Familiarity bred success for Simon Katich and Phil Jaques in their double-hundred opening stand which fortified Australia's position in the third and final Test against West Indies on Saturday.
Katich batted through the entire day to remain undefeated on 148 - his fourth Test hundred and highest Test score - and Jaques made 108 - his third Test hundred - to lead Australia to 330 for three in their second innings when stumps were drawn on the third day of the Test at Kensington Oval.
Katich and Jaques dominated most of the day with a 223-run opening stand that was broken about half-hour before the tea break.
The two left-handers have forged a new opening partnership, following an Achilles tendon injury to Matthew Hayden which forced him to return home, and Jaques felt there experience of batting together in the Australia state championship was vital.
"I think we both went about it trying to forge our own partnership at the top and try and set up the rest of our order like we would for New South Wales," Jaques told reporters.
Katich noted he has not opened a lot with Jaques for NSW, but since he bats at three, they have encountered in each other at the wicket early quite a few times.
The comforting fact is that we have spent a lot of time at the crease together in the past few years in big partnerships, so opening the innings does not seem much different," he said.
"We know that Matt and Justin Langer had a fantastic partnership - the most successful ever in Test history - so that's hard to follow, but I think we have gone about things as simply as possible."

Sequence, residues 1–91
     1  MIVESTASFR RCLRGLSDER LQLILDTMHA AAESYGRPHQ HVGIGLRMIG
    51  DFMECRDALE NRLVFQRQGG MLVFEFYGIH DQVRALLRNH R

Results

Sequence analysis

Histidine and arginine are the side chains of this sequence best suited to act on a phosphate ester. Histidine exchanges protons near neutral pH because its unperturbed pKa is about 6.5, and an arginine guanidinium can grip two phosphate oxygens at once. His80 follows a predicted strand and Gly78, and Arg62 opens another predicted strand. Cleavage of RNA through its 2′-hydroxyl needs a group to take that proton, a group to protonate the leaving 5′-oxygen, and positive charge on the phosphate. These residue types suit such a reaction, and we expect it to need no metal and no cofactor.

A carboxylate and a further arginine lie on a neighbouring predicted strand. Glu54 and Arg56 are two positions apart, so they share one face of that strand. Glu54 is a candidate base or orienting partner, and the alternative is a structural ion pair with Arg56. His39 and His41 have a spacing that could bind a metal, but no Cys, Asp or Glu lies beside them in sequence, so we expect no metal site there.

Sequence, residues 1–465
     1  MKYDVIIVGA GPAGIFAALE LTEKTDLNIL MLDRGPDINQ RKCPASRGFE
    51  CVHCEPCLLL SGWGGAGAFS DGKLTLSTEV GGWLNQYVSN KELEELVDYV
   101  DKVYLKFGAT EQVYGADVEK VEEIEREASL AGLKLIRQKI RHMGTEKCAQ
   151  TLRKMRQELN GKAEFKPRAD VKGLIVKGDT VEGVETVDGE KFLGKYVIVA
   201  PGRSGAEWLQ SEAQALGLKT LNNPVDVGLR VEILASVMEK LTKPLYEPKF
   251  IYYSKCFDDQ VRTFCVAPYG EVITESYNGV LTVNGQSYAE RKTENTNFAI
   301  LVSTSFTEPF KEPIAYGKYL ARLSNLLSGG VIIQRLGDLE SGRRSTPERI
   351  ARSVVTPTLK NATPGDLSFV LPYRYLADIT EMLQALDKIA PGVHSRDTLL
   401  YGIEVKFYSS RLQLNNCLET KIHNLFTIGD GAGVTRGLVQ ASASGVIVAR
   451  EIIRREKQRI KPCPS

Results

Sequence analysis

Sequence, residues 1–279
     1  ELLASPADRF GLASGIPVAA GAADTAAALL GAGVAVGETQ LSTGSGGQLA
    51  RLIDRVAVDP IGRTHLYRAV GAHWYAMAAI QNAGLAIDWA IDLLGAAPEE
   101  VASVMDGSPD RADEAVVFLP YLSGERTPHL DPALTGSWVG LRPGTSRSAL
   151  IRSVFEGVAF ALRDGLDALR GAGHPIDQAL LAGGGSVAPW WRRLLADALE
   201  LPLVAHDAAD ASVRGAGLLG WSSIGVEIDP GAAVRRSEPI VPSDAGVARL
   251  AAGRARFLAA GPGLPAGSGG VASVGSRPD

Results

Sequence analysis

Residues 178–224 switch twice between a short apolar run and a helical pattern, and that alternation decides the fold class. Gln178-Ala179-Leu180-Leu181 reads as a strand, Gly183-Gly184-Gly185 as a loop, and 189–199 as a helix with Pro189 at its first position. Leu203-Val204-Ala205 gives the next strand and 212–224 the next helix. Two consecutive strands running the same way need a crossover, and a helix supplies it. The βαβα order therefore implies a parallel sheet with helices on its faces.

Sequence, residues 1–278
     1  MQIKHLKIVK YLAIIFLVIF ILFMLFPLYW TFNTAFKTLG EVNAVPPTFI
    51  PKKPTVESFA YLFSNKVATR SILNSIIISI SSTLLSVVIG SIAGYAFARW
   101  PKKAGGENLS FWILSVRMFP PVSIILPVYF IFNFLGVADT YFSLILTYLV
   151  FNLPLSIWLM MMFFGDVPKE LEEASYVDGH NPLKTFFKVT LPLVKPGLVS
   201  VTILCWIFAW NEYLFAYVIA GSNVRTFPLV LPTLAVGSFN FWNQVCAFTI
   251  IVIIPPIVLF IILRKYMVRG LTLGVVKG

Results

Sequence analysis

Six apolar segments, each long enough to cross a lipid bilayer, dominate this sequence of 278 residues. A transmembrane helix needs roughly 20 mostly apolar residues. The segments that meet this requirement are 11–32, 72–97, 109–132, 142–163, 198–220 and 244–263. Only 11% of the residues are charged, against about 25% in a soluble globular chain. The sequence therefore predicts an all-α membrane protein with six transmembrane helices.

This was Jaques' highest score in the three Tests, and he admitted that they were both keen to make this innings count, following their soft dismissals in the first innings - both fell to miscued hooks - after being well set.
"We were both disappointed in the first innings, and we both got set and got out in similar fashion," he said.
"From my point of view, I was keen to make amends. We had spoken about trying to keep working in tandem and keep the momentum going. It happened and it was nice to get a partnership. It takes the pressure off you individually when that happens."
It was Katich's second hundred of the series, following his 113 in the first innings of second Test in Antigua, and his highest score in 26 Tests, and he agreed that they were bent on playing meaningful innings.
"It was definitely a different approach from both of us with regards to the short-pitched bowling," Katich said.
"We thought that was the biggest way that we were going to get out on this wicket, particularly when the ball is starting to get a bit older and a bit more variable.
"We decided just to get in behind it or sway out of the way, rather than playing the big hook shots."
Jaques also felt his innings justified his decision to undergo laser eye surgery before coming to the Caribbean.
"I decided to bite the bullet and go for the laser eye, and the guys at the Eye Institute sorted me out. It was really good," he said.
"I've found that in the field I could see the high balls heaps better, and as for batting, I've got a lot more time and I don't have to worry about the contact lenses. It's a big relief. It's pretty much changed my life."
Katich acknowledged that his performance in the two Tests did not guarantee him in a permanent place in the starting 11 for future matches with Hayden due to return, and Australia top heavy in their batting. But he was thrilled to have been given the chance to prove himself during the series.
"The opportunity to play has been great because I felt that I was ready to play well given my form in the last couple of years, so it's nice to get that opportunity now when I'm playing well," he said.
Australia now lead by 365 runs with seven second innings wickets standing and two days remaining in the Test to gain a victory.
Their chances have been enhanced, after West Indies opener Sewnarine Chattergoon badly twisted his ankle, and was taken off the field by a stretcher.
He was taken to hospital for a precautionary examination and returned to the ground with his leg heavily bandaged, and walking with the assistance of crutches which makes the prospects of him batting remote.